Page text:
Sylvia Holmes is an urban environmentalist based in Pasadena, CA. Currently, she is the lead organizer and founder of Free-Food Garden, co-leader and founder of Mulch for the People, and active on Good To-Go and Repair Cafe, all projects of Transition Pasadena. She is also the Secretary of the Shakespeare Authorship Roundtable and a volunteer with Pasadena Beautiful Wednesday Workdays, Towne Singers production committee, and teach mindfulness at Cancer Support Community.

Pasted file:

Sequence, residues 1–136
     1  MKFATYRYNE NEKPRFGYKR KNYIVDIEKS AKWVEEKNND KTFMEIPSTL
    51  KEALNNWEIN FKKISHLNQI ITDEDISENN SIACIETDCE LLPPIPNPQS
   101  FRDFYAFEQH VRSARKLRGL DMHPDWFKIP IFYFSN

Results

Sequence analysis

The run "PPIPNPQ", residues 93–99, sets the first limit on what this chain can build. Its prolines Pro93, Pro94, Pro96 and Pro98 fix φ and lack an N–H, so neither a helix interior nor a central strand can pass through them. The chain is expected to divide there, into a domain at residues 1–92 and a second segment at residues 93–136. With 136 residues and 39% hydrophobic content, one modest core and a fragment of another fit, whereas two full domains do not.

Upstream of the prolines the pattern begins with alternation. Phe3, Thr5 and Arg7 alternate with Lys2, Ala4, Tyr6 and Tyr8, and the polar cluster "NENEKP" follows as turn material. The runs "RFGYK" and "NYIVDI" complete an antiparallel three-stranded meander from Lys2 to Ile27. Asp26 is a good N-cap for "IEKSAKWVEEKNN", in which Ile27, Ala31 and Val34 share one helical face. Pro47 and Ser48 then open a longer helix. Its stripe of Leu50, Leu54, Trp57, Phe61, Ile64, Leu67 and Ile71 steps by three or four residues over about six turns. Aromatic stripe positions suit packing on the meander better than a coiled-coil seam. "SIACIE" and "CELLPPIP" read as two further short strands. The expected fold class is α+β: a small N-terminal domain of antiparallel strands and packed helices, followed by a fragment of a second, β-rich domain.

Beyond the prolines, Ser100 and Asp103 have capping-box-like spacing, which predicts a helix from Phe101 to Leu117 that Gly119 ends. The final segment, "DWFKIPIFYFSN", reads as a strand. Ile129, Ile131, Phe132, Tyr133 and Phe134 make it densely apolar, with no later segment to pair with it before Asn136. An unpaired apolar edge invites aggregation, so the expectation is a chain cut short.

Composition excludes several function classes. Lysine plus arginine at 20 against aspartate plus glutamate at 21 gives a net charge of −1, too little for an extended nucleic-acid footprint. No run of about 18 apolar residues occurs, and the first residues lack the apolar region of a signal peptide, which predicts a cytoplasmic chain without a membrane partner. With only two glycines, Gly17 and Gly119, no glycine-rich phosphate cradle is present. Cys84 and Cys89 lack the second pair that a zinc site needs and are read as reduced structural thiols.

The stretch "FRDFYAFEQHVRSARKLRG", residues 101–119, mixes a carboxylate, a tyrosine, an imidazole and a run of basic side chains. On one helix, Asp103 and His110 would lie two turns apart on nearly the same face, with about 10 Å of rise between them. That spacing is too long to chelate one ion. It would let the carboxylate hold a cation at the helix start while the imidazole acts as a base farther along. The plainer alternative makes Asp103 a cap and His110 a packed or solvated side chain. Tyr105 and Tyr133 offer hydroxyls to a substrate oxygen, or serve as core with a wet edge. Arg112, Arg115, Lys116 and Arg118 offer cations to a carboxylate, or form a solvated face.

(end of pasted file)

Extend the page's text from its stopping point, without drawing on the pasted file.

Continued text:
Erik Lindberg is the newest member of the Transition US Board of Directors. After earning his Ph.D. in English and Comparative Literature in 1998, Erik naturally began his career as a carpenter, and he now owns and runs a company called Community Building and Restoration, which specializes in historic restoration. In 2008, he installed a rooftop farm on the building that housed his shop and warehouse, and within a year he was operating what may have been the world’s first rooftop CSA. These projects launched Erik into a world of sustainability activism about which he had been previously unaware. In 2009 he helped launch the Victory Garden Initiative and was part of the inaugural steering committee of Transition Milwaukee. He has been a frequent contributor to the Resilience.org blog. In 2011, Erik's wife wife gave birth to twin sons, Evjen and Isak. They give him hope, fear, joy, and fatigue every day.